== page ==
Tekiah and Teruah
By Marjorie Cramer


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Tekiah and Teruah
By Marjorie Cramer

(A poem read in the synagogue on the second day of Rosh HaShanah, the day that the story of the binding of Isaac is read, see Genesis 22:1-19)

Tekiah and Teruah sound
Burning into the souls of the people
Stirring their hearts to repentance.
My sound.
People stand
God hears
So they say.
But why does God not also hear the sound of my bleating?
I left my flock
Lost my way
And now I’ve lost my freedom.
My horns are caught in a bramble tangle
And I can’t get free.
God stays the hand of the shepherd Abraham.
Good for Isaac
But not for me.
I will be slaughtered and burned.
Abraham demonstrating submission to God’s will
With an olah
His aliyah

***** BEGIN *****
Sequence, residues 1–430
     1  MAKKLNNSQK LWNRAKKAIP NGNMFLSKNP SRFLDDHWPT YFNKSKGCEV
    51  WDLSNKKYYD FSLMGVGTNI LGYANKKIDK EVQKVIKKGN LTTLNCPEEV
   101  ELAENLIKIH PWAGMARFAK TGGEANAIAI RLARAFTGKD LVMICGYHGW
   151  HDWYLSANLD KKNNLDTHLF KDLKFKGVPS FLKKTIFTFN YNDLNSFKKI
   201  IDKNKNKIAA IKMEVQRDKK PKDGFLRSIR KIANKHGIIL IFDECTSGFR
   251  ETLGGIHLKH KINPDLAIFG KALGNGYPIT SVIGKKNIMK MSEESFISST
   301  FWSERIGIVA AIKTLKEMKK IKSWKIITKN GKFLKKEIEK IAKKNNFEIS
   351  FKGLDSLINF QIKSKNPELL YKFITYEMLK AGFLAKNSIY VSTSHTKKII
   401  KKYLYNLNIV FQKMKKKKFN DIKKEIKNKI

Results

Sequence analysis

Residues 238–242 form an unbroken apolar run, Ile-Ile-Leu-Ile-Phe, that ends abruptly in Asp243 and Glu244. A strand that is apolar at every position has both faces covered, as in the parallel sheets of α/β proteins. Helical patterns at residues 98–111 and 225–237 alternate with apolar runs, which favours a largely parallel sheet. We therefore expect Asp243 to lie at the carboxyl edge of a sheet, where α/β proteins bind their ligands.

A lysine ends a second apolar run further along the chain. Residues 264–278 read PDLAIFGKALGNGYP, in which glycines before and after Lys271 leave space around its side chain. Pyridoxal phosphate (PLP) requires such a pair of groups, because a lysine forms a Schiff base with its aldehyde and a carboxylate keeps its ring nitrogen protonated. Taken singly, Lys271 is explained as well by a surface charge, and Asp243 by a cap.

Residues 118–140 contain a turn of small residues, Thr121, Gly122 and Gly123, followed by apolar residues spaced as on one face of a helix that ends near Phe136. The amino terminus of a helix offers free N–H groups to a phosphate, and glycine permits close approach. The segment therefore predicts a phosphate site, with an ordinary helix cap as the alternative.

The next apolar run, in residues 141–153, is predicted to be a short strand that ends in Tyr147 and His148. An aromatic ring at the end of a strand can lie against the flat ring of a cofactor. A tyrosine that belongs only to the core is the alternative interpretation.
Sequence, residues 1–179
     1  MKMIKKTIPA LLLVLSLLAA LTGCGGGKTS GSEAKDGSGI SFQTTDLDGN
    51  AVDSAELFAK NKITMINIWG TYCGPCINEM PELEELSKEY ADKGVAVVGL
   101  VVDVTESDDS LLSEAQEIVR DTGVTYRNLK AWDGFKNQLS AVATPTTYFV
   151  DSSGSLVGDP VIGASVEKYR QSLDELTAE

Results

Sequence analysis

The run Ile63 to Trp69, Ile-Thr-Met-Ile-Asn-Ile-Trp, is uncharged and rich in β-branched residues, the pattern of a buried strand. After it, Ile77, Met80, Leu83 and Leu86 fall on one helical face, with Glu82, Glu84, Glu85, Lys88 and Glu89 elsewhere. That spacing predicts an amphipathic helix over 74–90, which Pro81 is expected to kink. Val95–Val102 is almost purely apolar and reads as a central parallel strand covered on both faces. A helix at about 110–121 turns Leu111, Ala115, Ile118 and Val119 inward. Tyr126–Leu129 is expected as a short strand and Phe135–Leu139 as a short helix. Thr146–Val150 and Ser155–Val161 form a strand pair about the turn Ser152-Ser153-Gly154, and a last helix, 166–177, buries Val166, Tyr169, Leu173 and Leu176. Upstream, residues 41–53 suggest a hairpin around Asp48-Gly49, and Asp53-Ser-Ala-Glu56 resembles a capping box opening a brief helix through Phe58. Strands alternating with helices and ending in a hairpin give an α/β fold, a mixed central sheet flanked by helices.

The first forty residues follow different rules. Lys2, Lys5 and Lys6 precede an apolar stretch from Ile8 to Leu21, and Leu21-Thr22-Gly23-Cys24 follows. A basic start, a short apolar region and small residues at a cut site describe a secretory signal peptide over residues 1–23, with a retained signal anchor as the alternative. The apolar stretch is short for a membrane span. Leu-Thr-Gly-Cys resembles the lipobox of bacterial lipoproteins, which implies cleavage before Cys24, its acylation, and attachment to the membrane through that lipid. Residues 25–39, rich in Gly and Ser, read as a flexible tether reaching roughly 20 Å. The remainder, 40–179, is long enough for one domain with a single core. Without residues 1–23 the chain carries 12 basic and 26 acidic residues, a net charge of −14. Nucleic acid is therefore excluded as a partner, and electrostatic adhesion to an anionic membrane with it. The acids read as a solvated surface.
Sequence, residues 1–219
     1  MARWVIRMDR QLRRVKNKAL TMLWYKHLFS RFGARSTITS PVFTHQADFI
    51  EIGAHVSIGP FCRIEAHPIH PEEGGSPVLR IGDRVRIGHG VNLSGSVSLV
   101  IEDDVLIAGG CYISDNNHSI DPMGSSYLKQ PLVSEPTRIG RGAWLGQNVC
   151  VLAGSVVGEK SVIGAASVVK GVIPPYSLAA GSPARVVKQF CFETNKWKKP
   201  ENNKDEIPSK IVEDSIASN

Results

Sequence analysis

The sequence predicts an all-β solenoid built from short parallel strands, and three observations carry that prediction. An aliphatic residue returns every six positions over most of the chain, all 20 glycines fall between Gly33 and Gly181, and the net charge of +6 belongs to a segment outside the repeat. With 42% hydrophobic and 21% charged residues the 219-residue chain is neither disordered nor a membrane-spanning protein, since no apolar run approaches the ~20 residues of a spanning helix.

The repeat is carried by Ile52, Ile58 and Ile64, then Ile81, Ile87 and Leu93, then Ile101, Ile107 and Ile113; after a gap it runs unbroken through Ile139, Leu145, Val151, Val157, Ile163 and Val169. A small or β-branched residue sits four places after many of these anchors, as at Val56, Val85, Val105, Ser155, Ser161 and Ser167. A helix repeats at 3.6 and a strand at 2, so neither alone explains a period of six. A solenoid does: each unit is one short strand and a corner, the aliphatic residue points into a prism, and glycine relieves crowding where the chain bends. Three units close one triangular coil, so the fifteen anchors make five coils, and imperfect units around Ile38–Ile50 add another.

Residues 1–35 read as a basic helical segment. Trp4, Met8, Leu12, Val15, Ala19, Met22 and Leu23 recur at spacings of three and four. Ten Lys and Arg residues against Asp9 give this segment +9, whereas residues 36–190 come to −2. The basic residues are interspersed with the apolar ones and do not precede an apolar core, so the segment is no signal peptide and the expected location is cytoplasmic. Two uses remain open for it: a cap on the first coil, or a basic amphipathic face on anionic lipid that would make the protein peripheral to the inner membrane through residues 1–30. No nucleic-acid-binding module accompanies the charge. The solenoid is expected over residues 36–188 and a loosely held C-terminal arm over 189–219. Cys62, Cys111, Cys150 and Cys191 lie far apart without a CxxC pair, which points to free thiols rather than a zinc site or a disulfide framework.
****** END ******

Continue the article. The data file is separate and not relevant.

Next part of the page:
Smoke ascending
And expiating sin.
Yet I am the one submitting
And I too am part of God’s creation.
Peace doesn’t come from violence
Abraham could go to the mountain
Trade his knife for a ploughshare
And let God rejoice in the goodness of the earth

TEKIAH: one of the long deep calls sounded on the shofar as prescribed in the Jewish ritual for Rosh Hashanah and Yom Kippur.

TERUAH: one of the calls composed of a series of staccato blasts followed by a longer high note and blown on the shofar as prescribed in the Jewish ritual on certain festivals and at certain ceremonies.

OLAH: means "offering of rising" or "offering of assents", and it is usually mistranslated as "burnt offering".

ALIYAH: the immigration of Jews to Israel. However, in this context “Aliyah” also refers to going up to the Torah in the synagogue, and comes from the same Hebrew root as “olah”.